Really good advice about non-code MVP. It reminded me of this seminal post: https://blog.bufferapp.com/idea-to-paying-customers-in-7-wee.... The heart of the idea is that an MVP isn't really a Product; it's something to validate against.

How specificlaly did you go about promoting your landing page? Just 'hey check this out posts', or did you focus on comments/answers to questions? And how much time do you have invested in this so far?

If you get some free time, you might want to also post this on indiehackers.com. Could help a lot of people out there.

I'm a somewhat frequent contributor on IndieHackers actually. To promote the page, I basically posted it everywhere I could (without getting banned) and started asking my friends to critique the site. When applicable, I would also answer questions on fora as I am now. In terms of time, I'm not really sure, it's an on and off commitment as I also have a job.

Anything other questions or anything you're working on as well?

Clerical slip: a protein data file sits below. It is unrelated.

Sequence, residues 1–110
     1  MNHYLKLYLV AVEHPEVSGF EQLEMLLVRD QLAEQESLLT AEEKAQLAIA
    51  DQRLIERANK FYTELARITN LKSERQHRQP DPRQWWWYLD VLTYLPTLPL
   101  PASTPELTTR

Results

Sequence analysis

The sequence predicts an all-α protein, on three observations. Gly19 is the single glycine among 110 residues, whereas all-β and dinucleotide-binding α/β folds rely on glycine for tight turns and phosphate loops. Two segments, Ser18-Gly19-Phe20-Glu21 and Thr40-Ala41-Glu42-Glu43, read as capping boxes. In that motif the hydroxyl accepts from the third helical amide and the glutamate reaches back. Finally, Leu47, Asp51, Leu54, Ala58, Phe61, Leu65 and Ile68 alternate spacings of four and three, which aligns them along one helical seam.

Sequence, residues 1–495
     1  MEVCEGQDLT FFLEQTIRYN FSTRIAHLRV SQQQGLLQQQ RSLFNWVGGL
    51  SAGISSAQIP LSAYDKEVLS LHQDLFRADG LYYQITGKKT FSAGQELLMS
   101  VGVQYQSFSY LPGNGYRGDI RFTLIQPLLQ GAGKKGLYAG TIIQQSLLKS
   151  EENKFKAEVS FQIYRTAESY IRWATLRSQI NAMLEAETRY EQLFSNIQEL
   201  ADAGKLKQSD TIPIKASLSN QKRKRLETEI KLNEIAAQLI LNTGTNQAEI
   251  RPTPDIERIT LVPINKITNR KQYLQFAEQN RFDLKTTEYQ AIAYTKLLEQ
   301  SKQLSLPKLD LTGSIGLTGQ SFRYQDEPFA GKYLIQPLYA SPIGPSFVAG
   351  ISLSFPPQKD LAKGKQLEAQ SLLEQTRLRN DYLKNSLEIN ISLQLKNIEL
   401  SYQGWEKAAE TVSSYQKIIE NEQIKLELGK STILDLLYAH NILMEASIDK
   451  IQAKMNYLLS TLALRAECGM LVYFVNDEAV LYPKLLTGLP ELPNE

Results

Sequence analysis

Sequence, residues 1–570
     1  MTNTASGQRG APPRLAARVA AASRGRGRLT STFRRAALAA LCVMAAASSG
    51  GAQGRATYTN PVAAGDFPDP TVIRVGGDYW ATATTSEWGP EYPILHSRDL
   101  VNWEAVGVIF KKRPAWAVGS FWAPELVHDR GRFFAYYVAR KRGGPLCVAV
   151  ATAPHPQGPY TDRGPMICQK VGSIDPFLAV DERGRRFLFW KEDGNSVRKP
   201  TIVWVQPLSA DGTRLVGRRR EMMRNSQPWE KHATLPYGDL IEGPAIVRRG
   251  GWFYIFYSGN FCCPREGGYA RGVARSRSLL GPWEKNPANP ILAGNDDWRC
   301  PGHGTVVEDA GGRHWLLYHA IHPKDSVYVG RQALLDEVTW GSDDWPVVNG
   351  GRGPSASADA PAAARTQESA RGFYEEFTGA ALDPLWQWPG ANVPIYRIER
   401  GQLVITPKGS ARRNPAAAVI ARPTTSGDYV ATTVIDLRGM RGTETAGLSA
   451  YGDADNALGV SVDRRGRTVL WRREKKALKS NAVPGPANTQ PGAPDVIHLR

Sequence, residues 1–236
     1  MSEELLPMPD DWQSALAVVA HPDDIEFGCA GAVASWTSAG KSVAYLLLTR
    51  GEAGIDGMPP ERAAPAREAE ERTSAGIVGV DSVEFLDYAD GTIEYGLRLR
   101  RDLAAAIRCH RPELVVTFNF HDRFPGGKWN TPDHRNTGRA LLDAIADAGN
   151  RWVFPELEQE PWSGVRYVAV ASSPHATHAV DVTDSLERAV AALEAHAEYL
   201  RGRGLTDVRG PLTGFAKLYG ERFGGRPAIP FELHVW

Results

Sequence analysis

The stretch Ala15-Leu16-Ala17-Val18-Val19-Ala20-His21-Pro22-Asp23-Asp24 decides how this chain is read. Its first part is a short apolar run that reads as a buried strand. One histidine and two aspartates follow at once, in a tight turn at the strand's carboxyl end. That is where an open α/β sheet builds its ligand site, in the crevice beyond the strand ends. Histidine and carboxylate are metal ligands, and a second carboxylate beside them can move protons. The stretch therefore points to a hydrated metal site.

I'd like to know more about the "not getting banned" part. Reddit communities are notorious for not wanting to be sold to. what's your approach? how do you articulate the post? maybe you could share a link to an actual post as an example?

thanks for the insight!

Many subreddits have rules on when you can do self promotion, such as a separate thread or a specific day for posting. That's when I do it. [See this post for example](https://old.reddit.com/r/getdisciplined/comments/a3oz48/meth...). As well, you can see in that post that I don't directly promote my app but instead I ask questions regarding the process by which people schedule their day.